The vexed topic of fine particles is once again on everyone's lips - almost literally, in fact. These highly dangerous emissions pollute the air we breathe, particularly in areas with high volumes of traffic, to such an extent that even new cars risk being banned in the near future. Yet it isn’t just cars that are causing these high pollution levels. Solid fuel firing systems, as useful as they are, are also liable to emit microparticles that can find their way into the lungs. Strict emission limits thus also need to be adhered to in this area. It is in this context that the newly developed HZF fine particle filter from Nolting Holzfeuerungstechnik GmbH, based in Detmold, Germany, is now celebrating its world premiere at LIGNA 2017 in Hannover.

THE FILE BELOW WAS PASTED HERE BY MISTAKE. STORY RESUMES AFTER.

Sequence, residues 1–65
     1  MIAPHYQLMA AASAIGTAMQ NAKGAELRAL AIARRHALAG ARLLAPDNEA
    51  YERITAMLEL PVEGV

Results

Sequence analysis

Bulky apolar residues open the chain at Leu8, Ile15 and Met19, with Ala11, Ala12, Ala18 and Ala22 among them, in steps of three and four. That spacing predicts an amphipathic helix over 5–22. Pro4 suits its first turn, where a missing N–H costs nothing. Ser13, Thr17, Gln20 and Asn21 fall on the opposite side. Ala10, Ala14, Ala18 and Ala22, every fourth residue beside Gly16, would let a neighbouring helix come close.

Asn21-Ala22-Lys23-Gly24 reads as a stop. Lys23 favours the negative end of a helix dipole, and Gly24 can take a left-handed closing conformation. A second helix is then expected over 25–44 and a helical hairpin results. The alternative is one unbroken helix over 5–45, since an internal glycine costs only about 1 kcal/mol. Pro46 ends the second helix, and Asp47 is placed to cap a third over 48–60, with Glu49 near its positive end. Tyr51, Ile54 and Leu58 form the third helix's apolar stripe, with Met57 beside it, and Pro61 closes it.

This innovative in-house development is a combination of cyclone separator and downstream fine particle filter. The outside of the HZF consists of a compact insulated steel enclosure with a height-adjustable substructure. In the first stage, the exhaust gas is fed through a cyclone where larger particles are prefiltered. The actual fine particle separation then takes place in a downstream electrical filter using an electrostatic charge. What's more, the HZF doesn't just purify exhaust gas but also regularly cleans itself. Particulate matter is removed from the electrodes and separator surfaces by a shaking mechanism and is collected in a receiving tank, from where it can be disposed of via an integrated bypass. The new HZF can be used for automatically fueled solid fuel firing systems up to approximately 500 kilowatts.